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martcon47  
#1 Posted : 11 February 2019 11:31:17(UTC)
Rank: New forum user
martcon47

I have a situation whereby an employee who has a current personal injury claim against one of our trading business who is refusing to sign training documents. The training has been re-given post claim due to the business losing the previous records. I guess the employee is worried that this could effect their current claim. Part of the businesses policy is for the records to the signed to demonstrate that the training has been given or that they acknowledge attendance.

Is the employee in contravention of section 7 (b) of the Health and Safety at Work? 

Any suggestions on how to manage this situation?

 I may also look at getting them to sign a statement indicating their objections. Failing that, if they are a union member, a statement from their representative perhaps.  

Brian Hagyard  
#2 Posted : 11 February 2019 12:49:06(UTC)
Rank: Super forum user
Brian Hagyard

I don’t think refusing to sign is a breach of section 7. If the employee refused to follow the training, or misuse a piece of equipment provided as part of that training then it would be a different matter. While it’s nice to get a signature all it ultimately proves is that they have signed a bit of paper. It in no way demonstrates that they actually understood the training, or that the training was adequate. If they refuse to sign I would get the trainer to make a note on the records that this was the case.

thanks 3 users thanked Brian Hagyard for this useful post.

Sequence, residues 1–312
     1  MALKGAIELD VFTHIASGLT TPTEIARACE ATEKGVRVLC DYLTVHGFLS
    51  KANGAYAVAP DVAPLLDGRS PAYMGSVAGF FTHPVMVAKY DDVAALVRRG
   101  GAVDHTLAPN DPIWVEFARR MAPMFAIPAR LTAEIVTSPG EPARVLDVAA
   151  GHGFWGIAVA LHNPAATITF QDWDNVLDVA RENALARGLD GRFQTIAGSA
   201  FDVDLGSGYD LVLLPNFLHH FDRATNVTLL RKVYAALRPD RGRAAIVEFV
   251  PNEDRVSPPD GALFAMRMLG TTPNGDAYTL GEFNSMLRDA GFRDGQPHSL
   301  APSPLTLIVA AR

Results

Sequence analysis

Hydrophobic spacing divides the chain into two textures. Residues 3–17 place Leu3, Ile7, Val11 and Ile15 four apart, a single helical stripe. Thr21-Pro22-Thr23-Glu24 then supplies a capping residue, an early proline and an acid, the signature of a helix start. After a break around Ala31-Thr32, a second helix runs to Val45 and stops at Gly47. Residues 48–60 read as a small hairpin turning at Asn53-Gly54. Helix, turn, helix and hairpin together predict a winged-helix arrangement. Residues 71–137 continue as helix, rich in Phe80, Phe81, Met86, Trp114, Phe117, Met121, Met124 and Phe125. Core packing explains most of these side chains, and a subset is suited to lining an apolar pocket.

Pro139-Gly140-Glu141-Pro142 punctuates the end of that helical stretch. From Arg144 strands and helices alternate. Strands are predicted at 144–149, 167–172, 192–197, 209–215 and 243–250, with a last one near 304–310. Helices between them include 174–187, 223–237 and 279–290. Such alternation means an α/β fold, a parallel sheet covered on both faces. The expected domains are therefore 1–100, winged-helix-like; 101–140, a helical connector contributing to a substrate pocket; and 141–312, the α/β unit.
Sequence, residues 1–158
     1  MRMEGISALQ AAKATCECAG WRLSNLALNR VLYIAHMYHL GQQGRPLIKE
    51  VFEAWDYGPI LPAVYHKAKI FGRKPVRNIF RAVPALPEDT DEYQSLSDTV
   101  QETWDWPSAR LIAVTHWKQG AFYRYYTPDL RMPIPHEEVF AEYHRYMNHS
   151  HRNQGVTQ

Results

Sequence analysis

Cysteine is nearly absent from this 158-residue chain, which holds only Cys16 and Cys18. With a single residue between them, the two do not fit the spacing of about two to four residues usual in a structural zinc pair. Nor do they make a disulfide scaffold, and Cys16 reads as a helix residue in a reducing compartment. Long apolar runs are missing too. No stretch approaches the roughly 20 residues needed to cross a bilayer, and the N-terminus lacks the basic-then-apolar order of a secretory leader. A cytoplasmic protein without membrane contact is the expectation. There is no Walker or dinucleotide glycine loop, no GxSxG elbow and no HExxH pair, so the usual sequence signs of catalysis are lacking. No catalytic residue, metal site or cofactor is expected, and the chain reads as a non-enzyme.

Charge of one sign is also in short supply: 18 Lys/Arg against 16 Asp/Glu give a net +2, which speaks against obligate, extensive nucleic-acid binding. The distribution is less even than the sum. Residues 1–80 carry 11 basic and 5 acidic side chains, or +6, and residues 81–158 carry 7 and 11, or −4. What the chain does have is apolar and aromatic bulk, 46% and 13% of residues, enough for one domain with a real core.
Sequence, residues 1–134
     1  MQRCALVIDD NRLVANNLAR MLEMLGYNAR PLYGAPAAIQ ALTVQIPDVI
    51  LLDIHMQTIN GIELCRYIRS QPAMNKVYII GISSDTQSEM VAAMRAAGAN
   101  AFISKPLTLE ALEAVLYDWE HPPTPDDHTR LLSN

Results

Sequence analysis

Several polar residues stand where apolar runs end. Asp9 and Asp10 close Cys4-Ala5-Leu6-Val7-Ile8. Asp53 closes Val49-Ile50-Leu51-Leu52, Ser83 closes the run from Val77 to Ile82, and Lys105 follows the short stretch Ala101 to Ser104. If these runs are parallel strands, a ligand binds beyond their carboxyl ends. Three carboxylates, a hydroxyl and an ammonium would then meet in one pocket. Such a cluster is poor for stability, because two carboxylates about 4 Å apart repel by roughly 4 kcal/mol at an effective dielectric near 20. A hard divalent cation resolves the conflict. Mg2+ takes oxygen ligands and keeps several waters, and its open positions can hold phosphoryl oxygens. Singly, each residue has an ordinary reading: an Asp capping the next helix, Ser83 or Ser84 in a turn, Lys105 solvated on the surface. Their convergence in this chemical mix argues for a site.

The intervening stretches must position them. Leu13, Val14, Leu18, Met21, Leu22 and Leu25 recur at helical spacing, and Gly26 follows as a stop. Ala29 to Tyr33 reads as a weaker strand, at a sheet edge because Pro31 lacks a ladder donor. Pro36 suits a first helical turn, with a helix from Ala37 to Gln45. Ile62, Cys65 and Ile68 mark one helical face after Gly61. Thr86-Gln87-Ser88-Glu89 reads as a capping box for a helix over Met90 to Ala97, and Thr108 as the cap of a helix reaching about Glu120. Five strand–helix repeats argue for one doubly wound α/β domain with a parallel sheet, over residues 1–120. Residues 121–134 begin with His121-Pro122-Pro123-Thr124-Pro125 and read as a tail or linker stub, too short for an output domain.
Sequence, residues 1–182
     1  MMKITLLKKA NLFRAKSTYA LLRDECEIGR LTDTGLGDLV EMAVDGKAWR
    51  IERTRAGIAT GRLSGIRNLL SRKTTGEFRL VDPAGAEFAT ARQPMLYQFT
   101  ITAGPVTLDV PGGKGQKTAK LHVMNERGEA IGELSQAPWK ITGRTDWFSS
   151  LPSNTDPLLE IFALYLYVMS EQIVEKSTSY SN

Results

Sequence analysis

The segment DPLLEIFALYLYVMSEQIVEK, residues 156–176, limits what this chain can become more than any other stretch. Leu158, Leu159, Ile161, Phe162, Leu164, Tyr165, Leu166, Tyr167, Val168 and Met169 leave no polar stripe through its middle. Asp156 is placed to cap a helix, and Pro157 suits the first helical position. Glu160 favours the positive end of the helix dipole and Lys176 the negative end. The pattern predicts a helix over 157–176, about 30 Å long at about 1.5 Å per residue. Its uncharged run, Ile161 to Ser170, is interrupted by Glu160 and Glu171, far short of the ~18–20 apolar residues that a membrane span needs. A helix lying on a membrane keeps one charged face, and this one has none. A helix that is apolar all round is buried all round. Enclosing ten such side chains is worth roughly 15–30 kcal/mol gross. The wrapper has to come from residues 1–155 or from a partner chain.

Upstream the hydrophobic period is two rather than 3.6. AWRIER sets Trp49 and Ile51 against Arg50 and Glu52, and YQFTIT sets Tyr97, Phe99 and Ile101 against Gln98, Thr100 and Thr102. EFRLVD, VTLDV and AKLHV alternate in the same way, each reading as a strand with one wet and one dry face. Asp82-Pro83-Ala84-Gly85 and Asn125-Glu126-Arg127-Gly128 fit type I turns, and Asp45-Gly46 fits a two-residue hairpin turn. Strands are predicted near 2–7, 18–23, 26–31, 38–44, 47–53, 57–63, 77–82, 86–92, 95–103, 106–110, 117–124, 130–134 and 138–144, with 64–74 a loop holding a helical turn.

A Kurdziel on 11/02/2019(UTC), martcon47 on 11/02/2019(UTC), Dave5705 on 12/02/2019(UTC)
Roundtuit  
#3 Posted : 11 February 2019 13:28:16(UTC)
Rank: Super forum user
Roundtuit

What is the wording at the signature line?

Have to agree if it merely states "was present" or "attended" there is no good reason not to sign.

On the other hand when presented with documents that gave war and peace legalese just wrote the word attended and then signed across to prevent it being removed or covered up..

A Kurdziel  
#4 Posted : 11 February 2019 13:37:11(UTC)
Rank: Super forum user
A Kurdziel

Sorry to bore people (similar response twice in one day!) but the issue is one of competence not training. The employer must believe that the employee is competent to do a job safely not just having signed piece of paper saying they have attended training. If an employee was to refuse to take part in training then the employer would be perfectly in their rights to sack them; if they simply refuse to sign a piece of paper, that is just them being a pain and I suppose they could be disciplined under company policy but it does not look like a breach of section 7 (which of course can only be prosecuted by the HSE)  

martcon47  
#5 Posted : 11 February 2019 14:00:40(UTC)
Rank: New forum user
martcon47

Originally Posted by: Roundtuit Go to Quoted Post

What is the wording at the signature line?

Have to agree if it merely states "was present" or "attended" there is no good reason not to sign.

On the other hand when presented with documents that gave war and peace legalese just wrote the word attended and then signed across to prevent it being removed or covered up..

[There is just a signature line saying that they were present or attended. I agree with other quotes that its more a breach of policy then Section 7 Thanks for your quote.]

Zyggy  
#6 Posted : 11 February 2019 16:55:25(UTC)
Rank: Super forum user
Zyggy

I wouldn't get too hung up about signatures on training records. I was involved in one claim where the employee was shown a signed training record in Court & promptly declared that it wasn't his signature!!
thanks 1 user thanked Zyggy for this useful post.
nic168 on 12/02/2019(UTC)
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